Knowing when to call it quits; making way for new growth.

How do you know when it’s time to call it quits, when remaining on the same page, in the same situation,  turns into staying too long?  When your current project has run its course and overstayed its welcome?  You’ve been re-writing the same lines over and over, you’ve invested oodles of precious time and sunk heavy costs into your present draft,  and suddenly you hit a wall.  You wonder if you wasted your time spinning wheels to go nowhere, except perhaps, to get stuck in a rut?  You’ve been running in place for so long that you forgot where you were headed, or that you were even heading anywhere at all.  Yet, you don’t want your hard work, precious time,  sunken costs, or your investment to have been in vain, so you allow yourself to remain stuck in that dead end place- where you no longer belong. 

As writers, we go through this type of thinking every time we arrive at an impasse.  Suddenly, there are no alternate routes, no roads forward, no way out, only a solid barrier blocking the path ahead, and the choice between staying put in a deadlock, or giving up altogether. This is the message Andromeda Romano-Lax shares in her January/February Writers Digest article; Dig in or Cut yourself free.  Referring to this dilemma as “Fruit or Failure”, she suggests asking yourself how you know when to redraft or when to give up on the current story altogether, or if the work still gives you joy.   Are you learning (or growing) from this process or are you watering something that is undeniably dead?

Sometimes, changing the time period, the point of view, or voice is all you need to breathe life back into your story, while other times there is nothing you could do to save your work from its inevitable demise.  Yet, taking away the pieces that did work ; the lessons learned, the good parts- that could fit in a brand new narrative- makes the time, investment, and effort work toward your next project.   As John Green said in Paper Towns; It is so hard to leave- until you leave. And then it is the easiest …thing in the world.

Similarly, in Eddie Pinero’s ; Your World Within , he points to this idea in life with his story of a lunch date with a friend, in which he mentions feeling full, while continuing to eat.  His lunch date asks him “Why, then would you continue to eat if you are no longer hungry?”  To which he explains that he wants to get his money’s worth- since he already paid for it.  In response, his lunch date reminds him; “Sometimes we must accept the sunken costs for what they are.  We don’t need to keep paying, just because we already paid.”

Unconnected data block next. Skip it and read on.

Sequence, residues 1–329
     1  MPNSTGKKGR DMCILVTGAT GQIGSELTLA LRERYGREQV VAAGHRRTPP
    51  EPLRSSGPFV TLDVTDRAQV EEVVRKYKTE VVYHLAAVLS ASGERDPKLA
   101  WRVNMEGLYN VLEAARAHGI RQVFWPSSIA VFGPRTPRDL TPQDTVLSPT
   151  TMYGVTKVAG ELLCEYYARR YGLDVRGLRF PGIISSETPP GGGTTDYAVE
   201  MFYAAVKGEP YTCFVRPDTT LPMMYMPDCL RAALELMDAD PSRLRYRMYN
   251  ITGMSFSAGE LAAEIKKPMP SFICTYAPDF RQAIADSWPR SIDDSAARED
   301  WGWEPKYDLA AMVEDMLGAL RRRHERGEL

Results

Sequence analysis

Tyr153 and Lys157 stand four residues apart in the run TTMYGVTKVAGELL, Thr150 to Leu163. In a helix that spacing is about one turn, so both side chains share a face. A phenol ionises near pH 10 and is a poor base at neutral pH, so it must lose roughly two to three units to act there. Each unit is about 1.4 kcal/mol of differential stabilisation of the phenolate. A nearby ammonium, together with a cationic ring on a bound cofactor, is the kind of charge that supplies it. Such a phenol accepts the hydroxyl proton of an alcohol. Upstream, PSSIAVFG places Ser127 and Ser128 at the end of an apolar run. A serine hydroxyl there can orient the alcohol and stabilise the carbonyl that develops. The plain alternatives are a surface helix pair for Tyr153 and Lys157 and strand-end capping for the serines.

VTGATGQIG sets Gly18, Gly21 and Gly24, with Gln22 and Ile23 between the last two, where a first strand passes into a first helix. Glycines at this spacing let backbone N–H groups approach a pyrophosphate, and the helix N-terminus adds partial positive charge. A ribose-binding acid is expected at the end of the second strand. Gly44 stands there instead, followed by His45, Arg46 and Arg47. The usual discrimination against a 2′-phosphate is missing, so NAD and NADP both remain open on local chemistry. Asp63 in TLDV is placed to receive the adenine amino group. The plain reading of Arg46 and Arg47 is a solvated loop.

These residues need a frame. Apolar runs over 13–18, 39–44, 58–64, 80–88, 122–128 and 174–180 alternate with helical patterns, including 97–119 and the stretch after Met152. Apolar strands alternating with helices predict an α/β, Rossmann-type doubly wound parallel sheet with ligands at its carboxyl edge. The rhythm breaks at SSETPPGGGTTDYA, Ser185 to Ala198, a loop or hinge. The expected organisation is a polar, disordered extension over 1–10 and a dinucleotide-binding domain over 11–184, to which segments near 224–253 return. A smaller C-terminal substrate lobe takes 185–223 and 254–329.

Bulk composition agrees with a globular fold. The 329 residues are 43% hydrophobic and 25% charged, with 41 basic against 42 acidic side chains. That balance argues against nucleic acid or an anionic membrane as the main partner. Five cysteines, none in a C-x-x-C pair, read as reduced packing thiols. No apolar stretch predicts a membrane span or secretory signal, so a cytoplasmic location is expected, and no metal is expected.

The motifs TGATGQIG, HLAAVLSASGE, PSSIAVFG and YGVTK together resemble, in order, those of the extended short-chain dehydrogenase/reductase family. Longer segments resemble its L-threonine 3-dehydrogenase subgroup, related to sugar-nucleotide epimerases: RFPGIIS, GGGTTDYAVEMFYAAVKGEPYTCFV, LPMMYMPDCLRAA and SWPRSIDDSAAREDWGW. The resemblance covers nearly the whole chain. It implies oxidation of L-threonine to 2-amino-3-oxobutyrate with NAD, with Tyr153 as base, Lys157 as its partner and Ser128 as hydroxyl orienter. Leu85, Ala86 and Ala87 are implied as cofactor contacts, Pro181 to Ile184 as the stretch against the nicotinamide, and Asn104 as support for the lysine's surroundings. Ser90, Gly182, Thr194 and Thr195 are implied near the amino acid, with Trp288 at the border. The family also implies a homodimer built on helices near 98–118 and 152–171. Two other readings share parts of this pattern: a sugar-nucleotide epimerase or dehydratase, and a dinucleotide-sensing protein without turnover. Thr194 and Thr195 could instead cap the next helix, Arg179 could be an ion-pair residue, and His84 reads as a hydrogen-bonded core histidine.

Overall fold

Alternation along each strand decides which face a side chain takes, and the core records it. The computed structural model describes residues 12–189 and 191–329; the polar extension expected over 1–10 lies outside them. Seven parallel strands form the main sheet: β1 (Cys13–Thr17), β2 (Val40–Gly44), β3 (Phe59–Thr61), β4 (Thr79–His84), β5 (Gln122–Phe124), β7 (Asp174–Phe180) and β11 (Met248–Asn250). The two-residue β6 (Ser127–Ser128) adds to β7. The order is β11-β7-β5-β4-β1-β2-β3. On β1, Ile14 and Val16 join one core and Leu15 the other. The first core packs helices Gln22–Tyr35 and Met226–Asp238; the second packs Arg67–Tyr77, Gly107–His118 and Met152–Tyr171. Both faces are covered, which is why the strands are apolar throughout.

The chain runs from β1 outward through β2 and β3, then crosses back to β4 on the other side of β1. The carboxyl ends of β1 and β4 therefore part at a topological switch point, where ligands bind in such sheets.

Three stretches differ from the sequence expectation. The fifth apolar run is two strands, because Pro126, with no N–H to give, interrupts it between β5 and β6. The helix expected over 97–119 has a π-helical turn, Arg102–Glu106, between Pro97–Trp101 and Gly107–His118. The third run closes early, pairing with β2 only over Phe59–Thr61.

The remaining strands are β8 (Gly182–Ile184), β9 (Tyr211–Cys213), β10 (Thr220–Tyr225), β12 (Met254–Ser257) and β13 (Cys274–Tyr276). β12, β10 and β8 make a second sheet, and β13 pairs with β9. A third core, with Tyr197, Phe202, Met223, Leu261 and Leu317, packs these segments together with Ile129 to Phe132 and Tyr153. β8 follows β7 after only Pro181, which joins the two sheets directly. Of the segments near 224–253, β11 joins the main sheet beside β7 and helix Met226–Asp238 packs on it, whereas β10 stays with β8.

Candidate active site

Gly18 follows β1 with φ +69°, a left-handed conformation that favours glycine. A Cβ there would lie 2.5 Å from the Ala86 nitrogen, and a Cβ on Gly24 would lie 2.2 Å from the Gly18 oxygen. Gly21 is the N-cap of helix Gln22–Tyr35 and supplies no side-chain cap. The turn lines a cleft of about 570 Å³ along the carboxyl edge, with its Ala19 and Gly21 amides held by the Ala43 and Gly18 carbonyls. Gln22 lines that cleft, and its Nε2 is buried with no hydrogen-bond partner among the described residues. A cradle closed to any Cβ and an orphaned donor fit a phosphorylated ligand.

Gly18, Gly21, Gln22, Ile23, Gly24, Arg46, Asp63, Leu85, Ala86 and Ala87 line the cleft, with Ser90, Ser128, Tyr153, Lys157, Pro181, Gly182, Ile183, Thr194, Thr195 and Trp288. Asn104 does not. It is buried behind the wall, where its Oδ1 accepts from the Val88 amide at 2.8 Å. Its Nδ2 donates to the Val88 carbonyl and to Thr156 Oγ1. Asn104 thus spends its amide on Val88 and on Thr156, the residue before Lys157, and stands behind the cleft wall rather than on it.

After all, we do not enjoy the meal any less just because we did not finish everything on our plates!

 His story’s message is that often we, as individuals, continue to consume that which does not help us, long after we should have stopped.  The wake behind the boat we drive, (the past that WAS), does not determine where we go next; the driver behind the wheel does.  If we take control of our story, unshackle ourselves from the current draft that is no longer working, or cut ties from what no longer serves us, accepting that something which took our time doesn’t mean it should continue to steal our time, we might discover the right time to call it quits -and move on.  Eli Landed notes in one of his Writing blogs:   never cling to a mistake just because you spent a lot of time making it.  Similarly, this is pointed to in the Best Selling Author, Keynote Speaker, Thought Leader and Entrepreneur, Bryant McGill’s message; Life moves forward. The old leaves wither, die and fall away, and the new growth extends forward into the light.

In life, sometimes individuals remain in jobs they do not like, that provide little or no joy or reward, because it pays the bills, or its the skill they know.   Likewise, people remain in situations, or relationships that should have ended long ago, because they’re familiar, predictable, and secure, and better than being alone.  But, as Mr. Pinero points out, a jail cell is also secure, and becomes familiar and predictable after a while.